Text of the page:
High Yield, Low Risk Stock

Here’s a stock tip that is guaranteed to produce high-yield dividends:

One of the most important lessons I learned in culinary school was to make stock. Even if you don’t do anything else different in your cooking making a basic chicken stock will dramatically give your food a powerful flavor boost. And don’t spend your money on pre-made stock–most of the stocks out in the market taste diluted and is heavily loaded with sodium. Oh, low sodium you say? Yeah, the French have a word for it, it’s called–le piss.

It’s not complicated to make your own chicken stock: you just need a chicken, some mirepoix (Fancy French for the trinity combo of onions, carrots, and celery), a few aromatics, and water.

I make a big batch of stock every 4-5 weeks, depending on how much I go through during the month’s gamut of recipes. I recommend preparing the mirepoix and aromatics the night before and if you have a nice hubbie who gets up early on the weekends he can get the stock started, so you can sleep in and wake up to the scent of mirepoix and fresh herbs brewing in poultry broth. By the time we eat breakfast, read the Sunday NYTimes and have our coffee, we’ve got home-made stock ready for our Sunday cook-a-thon.


Bullish Chicken Stock

Makes 12-13 quarts


4-5 lb. Chicken

3 large onions, peeled and quartered

3 large horse carrots, rough chopped

3 celery ribs*, rough chopped

2 cloves garlic

4 sprigs fresh Thyme

Small bunch of flat-leaf Parsley (8-10 stems)

2 Bay Leaves

3 Tbsp. Salt (course Kosher)

Freshly ground course Black Pepper

Special equipment: a large stock pot. I use a 20 quart pot which yields 13-14 quarts of stock.

1. Rub the chicken interior and exterior with salt, rinse under cold water, and then place in a large stock pot. Fill the pot with cold water until it covers about 1-inch above the chicken. Set the pot on medium-high heat and let it cook to just under the boiling point (about 30-40 minutes).

3. While the stock comes to a boil, use a ladle to occasionally skim the scum off the surface. Add the mirepoix and aromatics after the stock has been cooking for 1 hour.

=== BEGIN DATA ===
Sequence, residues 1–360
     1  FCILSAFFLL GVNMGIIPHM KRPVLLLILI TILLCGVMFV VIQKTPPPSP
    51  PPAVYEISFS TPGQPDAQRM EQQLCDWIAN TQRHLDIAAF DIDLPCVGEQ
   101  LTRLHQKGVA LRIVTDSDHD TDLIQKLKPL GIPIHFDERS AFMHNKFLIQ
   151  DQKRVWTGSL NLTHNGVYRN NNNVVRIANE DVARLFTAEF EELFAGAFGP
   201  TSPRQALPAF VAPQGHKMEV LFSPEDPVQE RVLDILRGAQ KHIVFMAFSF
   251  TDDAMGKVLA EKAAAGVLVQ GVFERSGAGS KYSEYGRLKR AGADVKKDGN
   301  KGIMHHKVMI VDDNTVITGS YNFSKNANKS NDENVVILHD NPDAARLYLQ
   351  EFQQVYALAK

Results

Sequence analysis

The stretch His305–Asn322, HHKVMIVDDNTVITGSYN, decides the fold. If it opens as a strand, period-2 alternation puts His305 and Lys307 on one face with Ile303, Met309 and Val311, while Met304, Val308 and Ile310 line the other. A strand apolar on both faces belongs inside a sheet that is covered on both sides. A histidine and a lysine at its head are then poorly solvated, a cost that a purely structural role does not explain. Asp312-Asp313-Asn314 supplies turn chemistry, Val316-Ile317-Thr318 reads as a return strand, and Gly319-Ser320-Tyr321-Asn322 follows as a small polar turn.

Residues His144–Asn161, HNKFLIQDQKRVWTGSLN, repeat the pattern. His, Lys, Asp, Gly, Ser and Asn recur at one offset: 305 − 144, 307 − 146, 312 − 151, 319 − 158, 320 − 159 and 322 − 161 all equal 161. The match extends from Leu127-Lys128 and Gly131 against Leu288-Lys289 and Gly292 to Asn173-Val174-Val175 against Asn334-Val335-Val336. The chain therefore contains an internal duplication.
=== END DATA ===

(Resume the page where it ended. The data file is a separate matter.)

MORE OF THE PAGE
3. Lower the heat to a rolling boil, and continue skimming the stock and adjusting the heat every 20 minutes to keep it from boiling over. Cook for an additional 3 hours.

4. Strain stock through a fine mesh sieve into quart-size containers. If it’s winter, we’d open the kitchen window and line the containers along the sill to cool. Another option is to place the containers in the sink and fill it with ice to cool, then store in the freezer.

Chicken stock is not only useful for making soups, but adds great depth of flavor to many dishes as well. Also, now that you have a whole chicken, there are endless possibilities. I like to pull the meat off the bones and make a chicken pot pie or a spicy chicken salad. Or you can always pick at it and dip it into a savory, garlic, lime, chili fish sauce!

celery heart

*If you have a celery heart (the tenderest, inner most ribs of the celery), throw that in as well. A Chef once told me when I asked him if I should throw the celery heart into the stock, “Are you after my own heart? Of course, it is the sweetest part–throw it in!”


5 thoughts on “High Yield, Low Risk Stock

  1. tartetitou

    I would definitely start making stock with an 8-quart pot, just 1/2 the recipe. Then maybe Chanunkah Harry will delivery a larger pot!

  2. DianeS

    OK. I will definitely make the stock the next time I am making soup and see if I can tell the difference. You make a very compelling argument. Especially the “le piss” part!

    • tartetitou

      Hi Diane Sawyer,

      Let me know how your stock making goes. I can always lend you my 16 gallon stock pot, just say the word!

Leave a Reply

Fill in your details below or click an icon to log in:

WordPress.com Logo

You are commenting using your WordPress.com account. Log Out /  Change )

Google photo

You are commenting using your Google account. Log Out /  Change )

Twitter picture

You are commenting using your Twitter account. Log Out /  Change )

Facebook photo

You are commenting using your Facebook account. Log Out /  Change )

Connecting to %s